Oil price not going up, time to revise budget, Putrajaya told

Analysts say Malaysia has been very reliant on oil prices since axing the goods and services tax. (Bloomberg pic)

PETALING JAYA: Putrajaya has been urged to revise its annual budget as oil prices continue to trade below the assumed price of US$70 per barrel.

This follows remarks by UBS global wealth management regional chief investment officer Kelvin Tay, who said in an interview on CNBC that Malaysia was very reliant on oil following the government’s move to scrap the goods and services tax (GST).

Tay also said price levels of US$55 per barrel could spell disaster for the country.

Universiti Tun Abdul Razak economist Barjoyai Bardai agreed that Malaysia was over-reliant on oil prices due to the axing of GST and lower palm oil prices.

However, he said it was unlikely that oil prices would drop below US$60 per barrel due to controls by the Organization of the Petroleum Exporting Countries.

Neither does he expect prices to exceed the US$70 mark.

“The government needs to revise its budget, and to do so on a monthly basis.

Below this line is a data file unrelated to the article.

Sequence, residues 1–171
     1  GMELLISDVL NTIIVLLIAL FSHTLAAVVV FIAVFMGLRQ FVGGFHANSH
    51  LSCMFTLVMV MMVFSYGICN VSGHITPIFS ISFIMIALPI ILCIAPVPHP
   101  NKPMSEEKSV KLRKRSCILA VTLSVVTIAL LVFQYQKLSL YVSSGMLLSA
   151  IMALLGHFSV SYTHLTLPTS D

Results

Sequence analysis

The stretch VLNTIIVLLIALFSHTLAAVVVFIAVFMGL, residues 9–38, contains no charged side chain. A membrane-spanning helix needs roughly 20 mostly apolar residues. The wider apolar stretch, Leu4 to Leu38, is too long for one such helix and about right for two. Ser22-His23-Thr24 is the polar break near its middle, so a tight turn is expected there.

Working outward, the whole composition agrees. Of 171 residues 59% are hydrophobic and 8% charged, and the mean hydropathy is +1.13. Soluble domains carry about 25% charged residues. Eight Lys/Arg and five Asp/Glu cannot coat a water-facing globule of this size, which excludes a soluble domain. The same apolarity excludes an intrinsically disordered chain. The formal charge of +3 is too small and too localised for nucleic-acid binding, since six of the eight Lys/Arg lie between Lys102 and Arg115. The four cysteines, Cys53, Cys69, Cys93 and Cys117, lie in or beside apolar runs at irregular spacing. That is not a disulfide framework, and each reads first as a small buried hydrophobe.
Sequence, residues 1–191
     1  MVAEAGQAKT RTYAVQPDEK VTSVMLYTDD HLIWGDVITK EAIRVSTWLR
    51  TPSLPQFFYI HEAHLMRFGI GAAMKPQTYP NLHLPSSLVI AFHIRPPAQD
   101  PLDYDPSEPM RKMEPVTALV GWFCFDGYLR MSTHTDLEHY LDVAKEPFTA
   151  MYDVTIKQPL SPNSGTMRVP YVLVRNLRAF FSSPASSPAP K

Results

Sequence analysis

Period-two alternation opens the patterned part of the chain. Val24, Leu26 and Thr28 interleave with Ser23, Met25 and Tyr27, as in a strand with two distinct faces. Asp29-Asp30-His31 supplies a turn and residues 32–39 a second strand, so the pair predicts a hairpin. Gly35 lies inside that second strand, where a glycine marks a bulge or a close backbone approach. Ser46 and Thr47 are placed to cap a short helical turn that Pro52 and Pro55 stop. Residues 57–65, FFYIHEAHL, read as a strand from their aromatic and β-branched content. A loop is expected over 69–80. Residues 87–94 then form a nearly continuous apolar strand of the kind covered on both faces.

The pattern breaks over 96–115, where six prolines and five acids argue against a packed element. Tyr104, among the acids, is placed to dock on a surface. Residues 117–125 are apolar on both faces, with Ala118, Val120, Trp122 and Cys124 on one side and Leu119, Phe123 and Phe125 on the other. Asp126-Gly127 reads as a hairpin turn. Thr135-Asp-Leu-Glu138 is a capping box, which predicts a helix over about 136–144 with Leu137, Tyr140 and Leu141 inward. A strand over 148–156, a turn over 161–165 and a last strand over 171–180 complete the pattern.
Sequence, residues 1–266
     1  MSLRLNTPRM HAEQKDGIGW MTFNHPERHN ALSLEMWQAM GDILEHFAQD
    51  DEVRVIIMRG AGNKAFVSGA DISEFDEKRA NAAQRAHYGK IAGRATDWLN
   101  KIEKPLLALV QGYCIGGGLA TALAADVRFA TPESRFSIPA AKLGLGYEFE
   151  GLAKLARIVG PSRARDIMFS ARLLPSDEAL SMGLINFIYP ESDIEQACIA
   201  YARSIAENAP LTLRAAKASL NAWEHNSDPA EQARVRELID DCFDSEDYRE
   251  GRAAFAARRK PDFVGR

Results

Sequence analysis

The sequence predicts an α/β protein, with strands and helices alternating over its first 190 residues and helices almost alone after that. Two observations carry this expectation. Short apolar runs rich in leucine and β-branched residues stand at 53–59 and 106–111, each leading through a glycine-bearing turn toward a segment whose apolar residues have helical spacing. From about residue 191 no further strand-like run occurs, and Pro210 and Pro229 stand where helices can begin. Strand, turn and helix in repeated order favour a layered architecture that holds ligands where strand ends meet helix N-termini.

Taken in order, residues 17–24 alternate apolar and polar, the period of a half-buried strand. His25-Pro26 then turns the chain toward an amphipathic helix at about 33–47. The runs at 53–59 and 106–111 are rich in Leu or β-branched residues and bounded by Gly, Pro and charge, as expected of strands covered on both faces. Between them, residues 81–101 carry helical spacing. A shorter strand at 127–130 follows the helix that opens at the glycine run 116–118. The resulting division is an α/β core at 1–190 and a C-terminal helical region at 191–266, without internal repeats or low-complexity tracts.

“The government can also plan for ways to increase revenue, but this will have to wait until the next budget is announced,” he said, adding that introducing measures now could affect investor confidence.

The government’s problem, he said, is that it is trapped between consumer expectations of lower cost of living, and the pressures of a declining economy with a dip in revenue from the abolishment of GST.

Adli Amirullah, an economist from the Institute for Democracy and Economic Affairs, said Putrajaya needed to be less reliant on oil revenue as a shock decrease in prices would affect the government’s budget.

In the long run, he recommended more structured indirect taxes and a widened scope of the sales and services tax. He said the introduction of a digital tax on services in 2020 would be a good start.

Singapore Institute of International Affairs senior fellow Oh Ei Sun cautioned that without additional sources of revenue, the government would have to slash its expenses.

He spoke of downsizing the civil service or ensuring the more efficient allocation of government resources and subsidies.

“Almost 80% of expenditure goes to paying salaries and administrative costs,” he told FMT.